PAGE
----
Food Allergies and Treatments
Written by Amanda Wattson, MD   
Thursday, 15 October 2009
A food allergy is an abnormal response of the immune system that is caused by the protein in certain foods. A food allergy is not the same as food intolerance. A person with food intolerance may have symptoms, such as abdominal distress, after eating a certain food. However, this response is not caused by the immune system.
What is going on in the body?

A food allergy occurs when an immune response occurs. An immune response is a normal response of the body to something it sees as abnormal. Usually the response is to bacteria, viruses, and toxins. Sometimes the body will recognize certain foods as abnormal. When foods are recognized as abnormal, the body produces an antibody known as IgE. IgE reacts with mast cells, which are part of the immune system. The reaction affects mast cells in many areas of the body, including the following:
- lungs
- nose and throat
- skin
- stomach and bowels

When the IgE reacts with the mast cells, histamine is produced. This chemical produces the symptoms of a food allergy.
What are the causes and risks of the condition?

A food allergy is an abnormal immune system response to protein in certain foods. Following are some of the foods that commonly cause food allergies:
- eggs
- fish
- milk and other dairy products
- peanuts and peanut oil
- shellfish, such as shrimp and crab
- soy
- tree nuts, such as walnuts
- wheat
- whitefish

There is some evidence that genetically modified corn, known as StarLink, may cause severe allergic responses. This possibility is currently being investigated. Most people with food allergies also have other allergy-related disorders. These include nasal allergies to dust and pollen, eczema, and asthma.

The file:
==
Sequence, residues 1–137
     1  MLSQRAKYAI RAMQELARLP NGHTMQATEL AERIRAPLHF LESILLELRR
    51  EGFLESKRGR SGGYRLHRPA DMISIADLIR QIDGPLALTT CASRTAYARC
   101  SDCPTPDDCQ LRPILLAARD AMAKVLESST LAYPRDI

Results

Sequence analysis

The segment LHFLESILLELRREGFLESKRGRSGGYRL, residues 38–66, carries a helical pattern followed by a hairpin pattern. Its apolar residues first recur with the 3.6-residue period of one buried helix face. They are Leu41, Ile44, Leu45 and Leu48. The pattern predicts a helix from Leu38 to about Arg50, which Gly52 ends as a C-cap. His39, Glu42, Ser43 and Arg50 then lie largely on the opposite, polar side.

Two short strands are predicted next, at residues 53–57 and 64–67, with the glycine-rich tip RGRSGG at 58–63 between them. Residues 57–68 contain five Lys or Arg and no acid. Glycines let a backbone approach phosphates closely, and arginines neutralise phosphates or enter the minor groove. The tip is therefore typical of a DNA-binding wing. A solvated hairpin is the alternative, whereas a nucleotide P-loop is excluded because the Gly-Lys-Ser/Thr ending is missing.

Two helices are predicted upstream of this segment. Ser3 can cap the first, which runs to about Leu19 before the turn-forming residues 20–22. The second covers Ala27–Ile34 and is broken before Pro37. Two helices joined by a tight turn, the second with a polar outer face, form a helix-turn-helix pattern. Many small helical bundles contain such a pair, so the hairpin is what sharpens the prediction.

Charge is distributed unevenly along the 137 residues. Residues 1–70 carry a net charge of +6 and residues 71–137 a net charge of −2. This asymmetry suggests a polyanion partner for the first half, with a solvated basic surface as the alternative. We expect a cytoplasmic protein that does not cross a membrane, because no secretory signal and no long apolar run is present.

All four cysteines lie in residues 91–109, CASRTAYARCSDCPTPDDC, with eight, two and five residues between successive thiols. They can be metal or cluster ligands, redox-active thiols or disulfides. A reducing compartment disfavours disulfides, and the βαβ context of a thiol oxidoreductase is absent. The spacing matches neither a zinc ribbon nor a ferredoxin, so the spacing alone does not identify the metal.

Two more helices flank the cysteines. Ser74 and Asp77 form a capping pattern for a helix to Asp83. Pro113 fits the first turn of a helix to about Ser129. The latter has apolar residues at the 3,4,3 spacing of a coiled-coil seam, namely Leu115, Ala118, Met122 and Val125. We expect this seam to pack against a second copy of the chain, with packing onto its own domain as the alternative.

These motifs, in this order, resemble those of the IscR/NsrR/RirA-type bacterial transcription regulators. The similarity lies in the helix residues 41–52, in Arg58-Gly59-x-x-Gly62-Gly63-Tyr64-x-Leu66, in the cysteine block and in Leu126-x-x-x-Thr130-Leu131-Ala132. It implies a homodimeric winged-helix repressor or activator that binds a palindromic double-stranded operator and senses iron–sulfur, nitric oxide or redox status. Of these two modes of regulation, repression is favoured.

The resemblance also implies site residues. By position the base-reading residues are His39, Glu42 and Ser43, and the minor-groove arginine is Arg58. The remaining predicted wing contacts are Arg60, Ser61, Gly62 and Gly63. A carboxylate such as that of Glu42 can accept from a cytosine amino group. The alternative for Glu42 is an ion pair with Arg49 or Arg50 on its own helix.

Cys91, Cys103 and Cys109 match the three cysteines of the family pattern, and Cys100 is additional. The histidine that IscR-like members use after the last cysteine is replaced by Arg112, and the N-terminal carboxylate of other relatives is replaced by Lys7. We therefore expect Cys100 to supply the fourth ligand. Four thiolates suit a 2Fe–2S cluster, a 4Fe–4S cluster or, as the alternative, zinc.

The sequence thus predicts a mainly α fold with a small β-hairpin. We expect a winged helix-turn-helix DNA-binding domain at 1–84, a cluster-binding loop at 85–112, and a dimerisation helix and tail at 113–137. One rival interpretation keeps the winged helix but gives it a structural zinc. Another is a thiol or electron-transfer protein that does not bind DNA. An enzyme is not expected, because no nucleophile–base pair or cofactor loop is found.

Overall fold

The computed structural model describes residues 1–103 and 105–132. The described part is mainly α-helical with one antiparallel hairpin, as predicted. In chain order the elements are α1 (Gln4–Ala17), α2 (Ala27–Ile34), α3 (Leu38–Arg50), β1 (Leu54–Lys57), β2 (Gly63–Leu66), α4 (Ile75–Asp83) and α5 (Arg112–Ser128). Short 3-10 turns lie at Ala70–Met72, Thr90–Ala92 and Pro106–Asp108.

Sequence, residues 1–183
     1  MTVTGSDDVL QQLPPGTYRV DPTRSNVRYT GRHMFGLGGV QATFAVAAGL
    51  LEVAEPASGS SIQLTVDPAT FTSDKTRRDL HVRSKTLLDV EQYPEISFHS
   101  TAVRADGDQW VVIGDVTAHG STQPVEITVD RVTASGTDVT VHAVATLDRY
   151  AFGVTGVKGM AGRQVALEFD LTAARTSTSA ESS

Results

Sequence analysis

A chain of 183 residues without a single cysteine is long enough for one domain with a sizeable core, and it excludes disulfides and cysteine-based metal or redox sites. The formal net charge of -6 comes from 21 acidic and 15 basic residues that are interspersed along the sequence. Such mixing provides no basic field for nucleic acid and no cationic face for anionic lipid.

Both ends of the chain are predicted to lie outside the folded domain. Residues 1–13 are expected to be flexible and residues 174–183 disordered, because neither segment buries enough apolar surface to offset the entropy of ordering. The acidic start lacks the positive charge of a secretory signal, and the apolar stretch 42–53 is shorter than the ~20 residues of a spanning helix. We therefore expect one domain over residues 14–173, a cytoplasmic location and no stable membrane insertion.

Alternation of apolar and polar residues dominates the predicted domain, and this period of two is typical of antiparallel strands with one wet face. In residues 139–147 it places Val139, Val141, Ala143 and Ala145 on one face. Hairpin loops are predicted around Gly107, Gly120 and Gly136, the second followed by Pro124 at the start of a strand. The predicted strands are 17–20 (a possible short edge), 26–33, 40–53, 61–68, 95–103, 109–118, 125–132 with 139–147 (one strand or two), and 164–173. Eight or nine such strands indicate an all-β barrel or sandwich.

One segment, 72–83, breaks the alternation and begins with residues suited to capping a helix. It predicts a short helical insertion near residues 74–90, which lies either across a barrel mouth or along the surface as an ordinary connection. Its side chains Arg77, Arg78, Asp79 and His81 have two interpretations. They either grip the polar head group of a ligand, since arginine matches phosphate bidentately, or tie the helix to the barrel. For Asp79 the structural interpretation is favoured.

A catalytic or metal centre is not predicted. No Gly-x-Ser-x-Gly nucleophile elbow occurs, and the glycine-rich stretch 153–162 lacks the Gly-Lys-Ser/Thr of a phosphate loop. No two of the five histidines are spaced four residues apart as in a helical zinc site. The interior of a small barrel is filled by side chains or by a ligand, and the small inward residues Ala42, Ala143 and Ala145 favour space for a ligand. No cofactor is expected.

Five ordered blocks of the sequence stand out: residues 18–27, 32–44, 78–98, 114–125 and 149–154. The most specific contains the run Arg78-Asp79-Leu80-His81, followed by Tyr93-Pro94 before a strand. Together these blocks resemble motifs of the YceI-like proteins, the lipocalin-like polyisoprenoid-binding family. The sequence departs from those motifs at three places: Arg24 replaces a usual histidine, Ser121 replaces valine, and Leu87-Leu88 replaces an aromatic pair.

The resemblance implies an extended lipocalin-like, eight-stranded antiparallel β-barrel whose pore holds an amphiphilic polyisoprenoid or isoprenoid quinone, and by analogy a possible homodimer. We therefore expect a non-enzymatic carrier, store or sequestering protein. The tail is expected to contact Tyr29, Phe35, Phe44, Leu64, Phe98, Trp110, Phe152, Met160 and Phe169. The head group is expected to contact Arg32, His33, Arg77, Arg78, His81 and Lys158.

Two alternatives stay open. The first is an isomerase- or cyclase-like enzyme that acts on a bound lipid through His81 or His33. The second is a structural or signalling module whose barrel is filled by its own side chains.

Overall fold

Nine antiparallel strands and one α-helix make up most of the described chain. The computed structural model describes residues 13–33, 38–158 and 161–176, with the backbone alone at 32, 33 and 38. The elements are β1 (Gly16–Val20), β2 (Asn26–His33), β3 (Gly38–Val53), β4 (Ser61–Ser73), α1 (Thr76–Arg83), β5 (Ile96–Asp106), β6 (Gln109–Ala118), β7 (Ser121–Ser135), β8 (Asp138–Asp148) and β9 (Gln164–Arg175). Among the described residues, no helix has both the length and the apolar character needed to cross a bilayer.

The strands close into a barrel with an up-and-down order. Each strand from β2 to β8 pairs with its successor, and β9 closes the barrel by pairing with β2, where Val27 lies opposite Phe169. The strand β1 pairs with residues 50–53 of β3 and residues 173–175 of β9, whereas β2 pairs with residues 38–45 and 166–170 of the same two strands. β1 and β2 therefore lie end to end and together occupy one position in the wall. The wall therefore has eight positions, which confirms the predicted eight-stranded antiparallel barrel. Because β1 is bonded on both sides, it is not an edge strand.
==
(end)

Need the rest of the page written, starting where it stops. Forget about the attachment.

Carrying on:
What are the treatments for the condition?

Foods that cause an allergic response should be eliminated from the diet. It is important to read food labels carefully. Peanuts and milk, for example, are in many prepared foods.

Following are some of the medications used to treat an allergic response:
- antihistamines to block the mast cell reaction that causes symptoms
- bronchodilators to open tight airways
- corticosteroids to reduce the immune response
- epinephrine to minimize the allergic response and prevent anaphylaxis

People with severe food allergies may carry either an EpiPen or an Ana-Kit. These are devices containing epinephrine to prevent anaphylaxis. These devices can be used by the person or a bystander to inject the medication.
What are the side effects of the treatments?

Bronchodilators and epinephrine raise the heart rate and blood pressure. Antihistamines can cause drowsiness and dry mouth. Corticosteroids may increase the risk for infection.
What happens after treatment for the condition?

Most individuals who have food allergies have them for their entire lives. Some children may outgrow food allergies. Food allergies can lead to dietary restrictions that may cause malnutrition if the restrictions are severe. Individuals with food allergies may have an overall change in normal lifestyle. The individual should wear a medical alert bracelet identifying the allergy.